I'm very sorry to hear about your situation!
Under TEC 751.104, as you've read, only the principal can request an accounting, so you are are not able to do so. This is different than the rules for requesting an accounting of a deceased person's estate, in which any interested party can request an accounting. If your mother is not incapacitated, she would have to be the one to contest the declaration of incapacitation. I am not entirely sure why the Judge allowed the clause to stand because that's significantly against your mother's interests.
At this point, your option would be to contest sibling 2's ability to be your mother's guardian of the estate if you can show that S2 colluded with S1 in covering up S1's bad actions as POA.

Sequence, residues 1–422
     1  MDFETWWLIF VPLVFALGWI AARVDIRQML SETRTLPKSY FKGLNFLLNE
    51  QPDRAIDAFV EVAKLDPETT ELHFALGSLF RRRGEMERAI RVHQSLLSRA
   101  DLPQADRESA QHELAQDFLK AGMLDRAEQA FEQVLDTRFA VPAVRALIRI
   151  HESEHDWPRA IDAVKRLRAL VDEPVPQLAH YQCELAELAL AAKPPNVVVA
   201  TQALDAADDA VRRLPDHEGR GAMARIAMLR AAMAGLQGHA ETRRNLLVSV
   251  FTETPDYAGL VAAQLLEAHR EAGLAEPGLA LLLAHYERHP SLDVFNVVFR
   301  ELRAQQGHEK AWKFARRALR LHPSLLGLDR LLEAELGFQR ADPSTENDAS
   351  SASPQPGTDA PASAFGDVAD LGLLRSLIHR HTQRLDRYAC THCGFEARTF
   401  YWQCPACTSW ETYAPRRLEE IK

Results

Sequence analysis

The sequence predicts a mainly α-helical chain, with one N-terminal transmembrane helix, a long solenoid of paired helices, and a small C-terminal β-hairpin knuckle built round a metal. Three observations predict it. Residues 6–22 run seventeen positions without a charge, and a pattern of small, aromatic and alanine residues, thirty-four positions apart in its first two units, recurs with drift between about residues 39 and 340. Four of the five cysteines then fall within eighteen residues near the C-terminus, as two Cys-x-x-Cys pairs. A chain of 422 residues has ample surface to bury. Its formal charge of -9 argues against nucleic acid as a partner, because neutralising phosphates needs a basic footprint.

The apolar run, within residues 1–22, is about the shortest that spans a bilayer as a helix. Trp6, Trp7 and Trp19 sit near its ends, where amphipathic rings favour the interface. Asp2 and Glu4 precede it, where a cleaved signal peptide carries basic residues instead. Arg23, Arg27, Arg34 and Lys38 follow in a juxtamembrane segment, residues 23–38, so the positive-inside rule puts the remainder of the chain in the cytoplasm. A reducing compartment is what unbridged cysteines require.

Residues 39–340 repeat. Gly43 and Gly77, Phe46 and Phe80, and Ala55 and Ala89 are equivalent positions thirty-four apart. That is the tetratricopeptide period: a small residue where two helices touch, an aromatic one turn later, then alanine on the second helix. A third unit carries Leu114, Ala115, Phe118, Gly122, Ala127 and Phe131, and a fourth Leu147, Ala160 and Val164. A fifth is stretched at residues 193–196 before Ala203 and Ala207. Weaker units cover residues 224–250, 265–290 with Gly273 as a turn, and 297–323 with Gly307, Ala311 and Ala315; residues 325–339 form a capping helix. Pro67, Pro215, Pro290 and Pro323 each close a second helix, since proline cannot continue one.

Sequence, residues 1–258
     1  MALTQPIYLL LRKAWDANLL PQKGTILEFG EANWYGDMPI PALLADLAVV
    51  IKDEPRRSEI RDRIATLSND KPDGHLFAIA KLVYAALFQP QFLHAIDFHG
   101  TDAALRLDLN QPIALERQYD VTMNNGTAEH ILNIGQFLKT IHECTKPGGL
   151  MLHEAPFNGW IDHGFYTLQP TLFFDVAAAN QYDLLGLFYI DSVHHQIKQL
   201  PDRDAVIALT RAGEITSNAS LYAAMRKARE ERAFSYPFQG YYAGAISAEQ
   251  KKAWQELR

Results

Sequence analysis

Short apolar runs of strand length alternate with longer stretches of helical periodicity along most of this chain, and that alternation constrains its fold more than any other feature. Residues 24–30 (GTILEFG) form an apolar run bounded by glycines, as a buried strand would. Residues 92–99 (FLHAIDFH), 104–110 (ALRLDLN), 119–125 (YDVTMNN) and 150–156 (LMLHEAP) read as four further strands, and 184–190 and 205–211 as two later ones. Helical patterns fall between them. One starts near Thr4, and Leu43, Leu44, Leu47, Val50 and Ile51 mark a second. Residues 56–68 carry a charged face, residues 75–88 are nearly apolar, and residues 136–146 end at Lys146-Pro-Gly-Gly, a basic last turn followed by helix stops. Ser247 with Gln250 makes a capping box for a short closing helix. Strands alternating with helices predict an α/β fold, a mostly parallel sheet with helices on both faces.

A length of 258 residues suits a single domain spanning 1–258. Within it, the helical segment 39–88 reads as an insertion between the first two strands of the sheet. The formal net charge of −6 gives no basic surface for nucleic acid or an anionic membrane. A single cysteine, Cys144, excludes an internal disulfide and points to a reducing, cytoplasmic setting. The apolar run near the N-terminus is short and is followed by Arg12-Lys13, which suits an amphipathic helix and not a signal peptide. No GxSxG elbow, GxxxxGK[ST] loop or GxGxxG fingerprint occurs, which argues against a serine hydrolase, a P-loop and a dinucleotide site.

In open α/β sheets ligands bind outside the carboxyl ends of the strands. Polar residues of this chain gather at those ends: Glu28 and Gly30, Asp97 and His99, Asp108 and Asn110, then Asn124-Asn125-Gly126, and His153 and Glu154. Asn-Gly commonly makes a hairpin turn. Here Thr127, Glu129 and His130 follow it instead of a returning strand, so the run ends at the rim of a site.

Now, the bad news is that this is not an area that lawyers will do pro bono work in most of the time, so you are not likely going to find an attorney who will help you with this for free. Also, in Texas there are not court agencies that will help you with this, in fact all court staff are forbidden from giving you any legal advice as that would be practicing law without a license.
You would need to hire an attorney to help you file a counter petition to have your siblings removed. You could attempt to do this on your own, and your local courthouse may have a law library that would have the materials you need, but elder law is a complicated area to practice in so your results trying to do this pro se can't be guaranteed.
If your mother's health is being neglected, you can ask Adult Protective Services to check in on her and make sure that she's being cared for. If they find any reason for concern, they may also get involved in her case legally.